Debt ceiling agreement signed, prevents disastrous economic consequences

The agreement, which President Biden signed into law June 2, suspends the $31.4 trillion debt limit until January 2025.

The national debt limit has been suspended until January 2025 thanks to a bipartisan debt ceiling agreement. The agreement was passed by the Senate June 1. 

“Tonight, senators from both parties voted to protect the hard-earned economic progress we have made and prevent a first-ever default by the United States,” President Joe Biden said. “No one gets everything they want in a negotiation, but make no mistake: This bipartisan agreement is a big win for our economy and the American people.” 

Biden signed the agreement into law June 2. 

A default on the American debt would’ve had severe negative implications for the irrigation industry, Nathan Bowen, Irrigation Association advocacy and public affairs vice president, told Irrigation Today in May 

“The debt ceiling agreement serves the purpose of preventing an economic calamity,” says Bowen. “It provides a measure of helpful clarity regarding the Supplemental Nutrition Assistance Program and the farm bill. Importantly, the agreement didn’t redirect funds from the Inflation Reduction Act. While the implementation of the IRA has not been perfect, it does present our industry with ongoing opportunities.”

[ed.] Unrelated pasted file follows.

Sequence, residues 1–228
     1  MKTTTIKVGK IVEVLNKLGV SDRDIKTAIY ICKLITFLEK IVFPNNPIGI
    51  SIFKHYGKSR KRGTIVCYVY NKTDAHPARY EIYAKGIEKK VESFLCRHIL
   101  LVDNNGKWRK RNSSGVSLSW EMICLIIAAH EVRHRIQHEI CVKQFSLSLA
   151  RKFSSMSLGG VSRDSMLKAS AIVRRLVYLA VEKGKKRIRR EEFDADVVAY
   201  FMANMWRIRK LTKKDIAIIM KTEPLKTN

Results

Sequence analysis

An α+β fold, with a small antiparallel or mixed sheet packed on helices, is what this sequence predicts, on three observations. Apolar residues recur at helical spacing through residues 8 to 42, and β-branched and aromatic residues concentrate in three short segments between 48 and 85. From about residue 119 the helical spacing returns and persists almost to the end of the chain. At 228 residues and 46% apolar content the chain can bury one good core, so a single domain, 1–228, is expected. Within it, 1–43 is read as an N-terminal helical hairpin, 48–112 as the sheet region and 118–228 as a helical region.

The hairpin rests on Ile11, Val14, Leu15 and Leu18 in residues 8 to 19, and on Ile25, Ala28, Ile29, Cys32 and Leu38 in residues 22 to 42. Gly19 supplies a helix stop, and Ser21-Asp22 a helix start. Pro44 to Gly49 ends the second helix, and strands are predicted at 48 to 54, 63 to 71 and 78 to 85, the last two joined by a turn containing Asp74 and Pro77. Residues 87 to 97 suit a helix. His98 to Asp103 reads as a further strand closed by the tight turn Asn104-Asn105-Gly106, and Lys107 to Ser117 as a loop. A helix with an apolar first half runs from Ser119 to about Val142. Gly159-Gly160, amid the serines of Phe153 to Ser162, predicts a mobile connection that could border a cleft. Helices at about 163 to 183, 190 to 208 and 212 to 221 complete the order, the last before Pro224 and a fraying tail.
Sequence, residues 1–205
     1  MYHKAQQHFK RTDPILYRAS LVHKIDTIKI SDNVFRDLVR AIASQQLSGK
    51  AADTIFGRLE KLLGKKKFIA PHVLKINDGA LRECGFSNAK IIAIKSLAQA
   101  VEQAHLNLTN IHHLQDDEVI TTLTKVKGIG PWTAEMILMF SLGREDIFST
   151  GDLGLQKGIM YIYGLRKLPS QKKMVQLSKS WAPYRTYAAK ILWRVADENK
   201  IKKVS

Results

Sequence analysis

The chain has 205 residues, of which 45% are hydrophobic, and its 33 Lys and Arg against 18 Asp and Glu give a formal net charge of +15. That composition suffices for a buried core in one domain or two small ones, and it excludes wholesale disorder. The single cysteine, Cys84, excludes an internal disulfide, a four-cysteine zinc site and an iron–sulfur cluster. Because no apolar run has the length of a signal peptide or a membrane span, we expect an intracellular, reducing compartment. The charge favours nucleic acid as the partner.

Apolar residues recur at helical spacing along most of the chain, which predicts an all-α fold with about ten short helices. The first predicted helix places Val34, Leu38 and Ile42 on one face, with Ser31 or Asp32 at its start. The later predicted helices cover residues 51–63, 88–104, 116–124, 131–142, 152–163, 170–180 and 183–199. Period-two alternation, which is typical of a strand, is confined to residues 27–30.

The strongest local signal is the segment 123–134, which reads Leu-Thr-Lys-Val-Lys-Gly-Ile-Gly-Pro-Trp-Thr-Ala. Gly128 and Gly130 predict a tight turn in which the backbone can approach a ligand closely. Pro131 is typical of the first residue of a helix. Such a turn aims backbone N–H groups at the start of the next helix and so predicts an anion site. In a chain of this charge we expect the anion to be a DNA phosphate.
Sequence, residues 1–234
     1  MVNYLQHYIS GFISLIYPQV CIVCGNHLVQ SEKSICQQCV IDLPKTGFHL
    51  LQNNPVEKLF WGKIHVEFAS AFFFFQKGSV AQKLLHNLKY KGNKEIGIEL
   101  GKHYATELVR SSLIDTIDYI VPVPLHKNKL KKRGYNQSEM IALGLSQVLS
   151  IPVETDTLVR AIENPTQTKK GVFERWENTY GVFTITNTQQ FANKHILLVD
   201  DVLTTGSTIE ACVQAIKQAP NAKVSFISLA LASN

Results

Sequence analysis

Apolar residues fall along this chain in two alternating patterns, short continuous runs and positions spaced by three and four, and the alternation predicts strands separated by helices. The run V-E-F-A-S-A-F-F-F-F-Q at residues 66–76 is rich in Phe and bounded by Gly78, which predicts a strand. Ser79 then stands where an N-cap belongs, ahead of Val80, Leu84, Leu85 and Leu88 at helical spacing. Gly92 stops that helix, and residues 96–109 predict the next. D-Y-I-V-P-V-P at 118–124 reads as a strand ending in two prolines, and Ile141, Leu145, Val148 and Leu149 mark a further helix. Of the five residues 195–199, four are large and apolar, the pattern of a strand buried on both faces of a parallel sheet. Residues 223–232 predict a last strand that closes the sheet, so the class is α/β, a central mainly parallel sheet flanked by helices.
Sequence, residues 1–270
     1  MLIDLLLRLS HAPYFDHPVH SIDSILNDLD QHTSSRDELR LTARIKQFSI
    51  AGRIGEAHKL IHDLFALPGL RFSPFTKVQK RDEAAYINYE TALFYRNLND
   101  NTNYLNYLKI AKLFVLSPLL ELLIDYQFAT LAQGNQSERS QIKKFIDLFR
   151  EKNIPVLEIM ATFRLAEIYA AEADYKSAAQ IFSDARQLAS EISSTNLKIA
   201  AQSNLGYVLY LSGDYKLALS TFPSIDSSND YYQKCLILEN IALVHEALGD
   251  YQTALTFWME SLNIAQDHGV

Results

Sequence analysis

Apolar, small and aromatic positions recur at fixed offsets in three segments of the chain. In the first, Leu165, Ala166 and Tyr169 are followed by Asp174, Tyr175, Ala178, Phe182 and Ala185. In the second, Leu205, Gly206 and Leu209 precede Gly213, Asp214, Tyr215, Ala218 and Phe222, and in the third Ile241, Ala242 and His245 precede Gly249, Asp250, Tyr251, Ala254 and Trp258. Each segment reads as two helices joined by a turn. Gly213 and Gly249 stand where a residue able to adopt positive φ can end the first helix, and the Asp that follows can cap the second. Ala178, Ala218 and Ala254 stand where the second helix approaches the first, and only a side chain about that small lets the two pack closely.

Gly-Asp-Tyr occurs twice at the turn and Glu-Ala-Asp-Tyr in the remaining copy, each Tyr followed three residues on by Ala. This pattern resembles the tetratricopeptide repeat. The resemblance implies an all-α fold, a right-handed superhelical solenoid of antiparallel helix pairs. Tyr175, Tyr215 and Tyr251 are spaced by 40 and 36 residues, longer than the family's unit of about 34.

The agreement suspends the $31.4 trillion debt limit until January 2025, allowing the government to borrow unlimited sums to pay its debts. It also sets new spending levels and amends policy changes on energy project permitting and work requirements on social benefits. 

The agreement passed 63-36. 

“The agreement itself is a positive thing for the industry and the bipartisan effort by leaders on both sides of the aisle is an illustration of how the two parties can come together to get critical legislation to home plate,” says Bowen. “Our elected leaders have a similar responsibility to prioritize the needs of the nation’s farmers and businesses by actively engaging in constructive and collaborative efforts to ensure the successful passage of a comprehensive farm bill this year.” 

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Nathan Bowen, advocacy and public affairs vice president for the Irrigation Association, voiced concerns about the bill’s implications.
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The legislative journey towards a balanced and effective farm bill has been fraught with challenges and steeped in strategic negotiations.
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The CTA requires small businesses with 20 or fewer employees or $5 million or less in revenues to report beneficial owners to the FinCEN.